Tensions were high in colonial America. After winning the French and Indian War with the side effect of enormous debt, Parliament had recently begun to pass more laws without the colonists’ consent. With the 1765 Stamp Act and the 1767 Townshend Acts being passed, colonists were growing more angry at Great Britain. Their anger can be clearly seen on the night of the Boston Massacre on March 5, 1770, where a mob of colonists assembled outside of the Custom House. Unfortunately, some lives were taken at the Boston Massacre by British soldiers. Upon review of the Boston Massacre, the jury decided that only two of the soldiers were guilty of manslaughter, leaving Captain Preston and six of the eight soldiers to be acquitted. Because there was so much confusion around the Custom House that night, the soldiers mistakenly thought they heard Captain Preston command them to fire and fired. The danger the soldiers were in can further be seen by the colonists’ violent behavior towards them, so the soldiers acted out in self-defense; therefore, the jury’s verdict was right.
On the night of the Boston Massacre, the crowd of colonists caused a lot of chaos and noise, rendering the British soldiers unable to hear their commander’s orders, so the people killed by the British soldiers were killed by the confusion the crowd caused. Though Captain Preston “endeavor[ed] all in [his] power to persuade [the colonists] to retire peaceably”1 the chaos made his attempts useless, as he later found out when he questioned his “soldiers why they fired without orders.”1 Because of the confusion the crowd brought, Preston’s attempts to calm the crowd nonviolently failed. Instead, in the chaos of the night, the soldiers fired, against Preston’s intent. This illustrates that the loss of lives was not because of Preston, but it was because of the
confusion of the crowd. The soldiers were also not at fault, as the colonists chanted “damn you bloods—why don’t you fire… fire, fire.”1 Because of the crowd urging the soldiers to fire, the soldiers mistook their taunts as Preston’s command to fire. The soldiers did not fire of their own volition; instead they thought they were following their captain’s orders. They fired without malice aforethought. The soldiers that killed people did not plan to kill beforehand, but they only killed because they thought Preston ordered it. The soldiers firing because of the crowd’s taunts supports how hard communication was in the chaos, demonstrating that Preston had little control. The confusion of the soldiers can be further demonstrated with Paul Revere’s drawing.2 The bodies of dead colonists were not close together, but were scattered about, showing that the soldiers did not fire in an orderly manner. They fired randomly, displaying the confusion going on. Thus, the soldiers that did kill people were right to be charged with manslaughter and not murder.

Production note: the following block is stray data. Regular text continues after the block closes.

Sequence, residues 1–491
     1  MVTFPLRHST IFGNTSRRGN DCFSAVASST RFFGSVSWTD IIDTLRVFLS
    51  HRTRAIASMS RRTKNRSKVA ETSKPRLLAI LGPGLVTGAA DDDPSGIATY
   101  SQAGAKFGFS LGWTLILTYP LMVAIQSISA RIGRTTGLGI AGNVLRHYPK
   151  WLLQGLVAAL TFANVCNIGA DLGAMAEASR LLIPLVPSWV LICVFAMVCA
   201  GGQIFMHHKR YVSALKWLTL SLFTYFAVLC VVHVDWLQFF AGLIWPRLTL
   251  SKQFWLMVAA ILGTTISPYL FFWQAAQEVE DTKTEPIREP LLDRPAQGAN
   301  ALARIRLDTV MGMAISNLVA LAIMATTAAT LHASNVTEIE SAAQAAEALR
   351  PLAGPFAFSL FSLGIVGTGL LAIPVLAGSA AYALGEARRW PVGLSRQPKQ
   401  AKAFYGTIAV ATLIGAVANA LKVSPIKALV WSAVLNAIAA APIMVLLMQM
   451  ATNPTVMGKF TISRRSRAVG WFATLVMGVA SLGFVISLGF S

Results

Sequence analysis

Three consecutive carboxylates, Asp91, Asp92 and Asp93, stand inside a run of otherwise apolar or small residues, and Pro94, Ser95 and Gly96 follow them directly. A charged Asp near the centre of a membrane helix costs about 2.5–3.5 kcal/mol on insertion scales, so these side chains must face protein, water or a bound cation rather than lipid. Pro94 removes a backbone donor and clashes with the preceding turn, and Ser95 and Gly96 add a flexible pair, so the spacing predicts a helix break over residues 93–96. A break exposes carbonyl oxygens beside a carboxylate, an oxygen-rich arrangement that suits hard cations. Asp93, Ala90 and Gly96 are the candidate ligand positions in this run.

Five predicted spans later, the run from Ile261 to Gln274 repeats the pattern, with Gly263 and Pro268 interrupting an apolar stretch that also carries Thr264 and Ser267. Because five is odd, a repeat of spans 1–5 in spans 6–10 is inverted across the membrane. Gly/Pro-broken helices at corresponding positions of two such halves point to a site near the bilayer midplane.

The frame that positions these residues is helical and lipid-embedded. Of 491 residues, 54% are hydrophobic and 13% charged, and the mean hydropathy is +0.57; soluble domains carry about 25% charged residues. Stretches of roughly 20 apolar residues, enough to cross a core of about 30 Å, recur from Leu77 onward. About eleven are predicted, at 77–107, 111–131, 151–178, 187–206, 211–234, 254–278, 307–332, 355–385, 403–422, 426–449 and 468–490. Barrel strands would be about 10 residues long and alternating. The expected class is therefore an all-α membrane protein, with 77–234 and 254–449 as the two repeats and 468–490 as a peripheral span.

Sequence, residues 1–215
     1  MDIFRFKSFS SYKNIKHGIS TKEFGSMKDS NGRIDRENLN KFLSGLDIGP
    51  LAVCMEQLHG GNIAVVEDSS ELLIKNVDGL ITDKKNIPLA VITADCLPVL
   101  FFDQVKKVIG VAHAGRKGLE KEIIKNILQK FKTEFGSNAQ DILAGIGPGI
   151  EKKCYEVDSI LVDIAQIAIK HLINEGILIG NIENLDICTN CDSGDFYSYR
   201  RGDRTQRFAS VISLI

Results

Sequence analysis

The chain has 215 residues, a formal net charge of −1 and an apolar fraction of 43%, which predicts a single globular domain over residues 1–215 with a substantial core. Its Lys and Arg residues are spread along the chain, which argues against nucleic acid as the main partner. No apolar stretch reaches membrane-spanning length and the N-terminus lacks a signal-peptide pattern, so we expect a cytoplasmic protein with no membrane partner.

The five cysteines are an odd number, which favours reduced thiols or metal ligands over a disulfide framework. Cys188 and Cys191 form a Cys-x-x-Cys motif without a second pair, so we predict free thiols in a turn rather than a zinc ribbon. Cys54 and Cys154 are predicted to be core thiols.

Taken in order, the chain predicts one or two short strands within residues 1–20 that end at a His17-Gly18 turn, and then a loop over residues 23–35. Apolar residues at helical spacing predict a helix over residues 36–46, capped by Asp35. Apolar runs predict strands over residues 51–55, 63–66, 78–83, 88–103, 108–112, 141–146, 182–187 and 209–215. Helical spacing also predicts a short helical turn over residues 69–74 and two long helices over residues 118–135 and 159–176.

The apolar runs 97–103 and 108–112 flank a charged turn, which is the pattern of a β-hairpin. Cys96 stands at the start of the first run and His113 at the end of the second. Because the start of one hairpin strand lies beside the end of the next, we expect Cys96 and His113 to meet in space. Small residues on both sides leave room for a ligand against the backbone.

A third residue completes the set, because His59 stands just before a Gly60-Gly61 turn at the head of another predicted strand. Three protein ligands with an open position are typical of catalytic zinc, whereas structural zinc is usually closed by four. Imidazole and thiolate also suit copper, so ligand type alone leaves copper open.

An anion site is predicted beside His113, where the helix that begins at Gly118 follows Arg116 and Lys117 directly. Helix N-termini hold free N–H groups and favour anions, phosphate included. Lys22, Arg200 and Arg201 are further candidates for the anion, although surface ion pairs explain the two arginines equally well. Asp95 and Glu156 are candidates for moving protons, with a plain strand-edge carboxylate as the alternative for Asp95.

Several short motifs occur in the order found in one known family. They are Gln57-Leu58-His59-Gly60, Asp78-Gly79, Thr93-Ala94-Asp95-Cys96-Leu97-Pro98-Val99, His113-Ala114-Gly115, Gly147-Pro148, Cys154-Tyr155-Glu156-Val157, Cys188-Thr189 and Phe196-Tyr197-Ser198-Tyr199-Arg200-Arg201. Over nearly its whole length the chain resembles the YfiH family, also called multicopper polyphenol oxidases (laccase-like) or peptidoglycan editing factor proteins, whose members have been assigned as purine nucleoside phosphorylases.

Not only was there a lot of confusion on the night of the Boston Massacre, the mob of colonists was acting violent towards the British soldiers, fueling feelings of self-preservation and panic, thus justifying the soldiers firing their weapons in self defense. James Woodall, a witness, recalled seeing “one Soldier knocked down. His Gun fell from him. [He] saw a great many sticks and pieces of sticks and Ice thrown at the soldiers.”3 Because the colonists were boldly attacking the British soldiers, putting the soldiers in danger of injury and possibly death, the British soldiers felt a need to defend themselves. The soldiers’ had bayonets as weapons, and they used that for defense. Unfortunately, the bayonet is also deadly when used, leading the the death of some of the colonists. Not only were the colonists attacking
Corbly, Don. Letters, Journals, & Diaries of Ye Colonial America. 2009.
the soldiers with sticks and ice, but they had other weapons. Preston remembers that the colonists “surrounded the sentry posted there, and with clubs and other weapons threatened to execute their vengeance on him.”1 This shows that the colonists were not unarmed, and supports the notion that they were threatening. Armed with clubs and other weapons, they could do some serious damage to the soldiers. The soldiers needed to protect themselves from such weapons and used their bayonets for that purpose. The deaths of the colonists was from the soldiers feeling threatened and acting out in self defense.
Some people believe that the soldiers were not acting out in self defense. Such a person was Samuel Drowne. He believed that the soldiers overreacted to the colonists, as he stated that the only thing colonists did was “[throw] snowballs at him.”4 Though Drowne stated that snowballs were the only thing thrown, the reality is that “snowballs and rocks”5 were thrown. Snowballs are seen as harmless things, but when they are thrown along with rocks, they can seriously injure someone. Thus, because such things were thrown at the soldiers, the soldiers acted on their instinct of self-preservation. They did not shoot because the colonists were throwing harmless things at them; they shot to protect themselves.
Drowne, Samuel. Testimony, Boston Massacre Trial, March 16, 1770.
“Civilians and Soldiers Clash in the Boston Massacre.” HISTORY.com.
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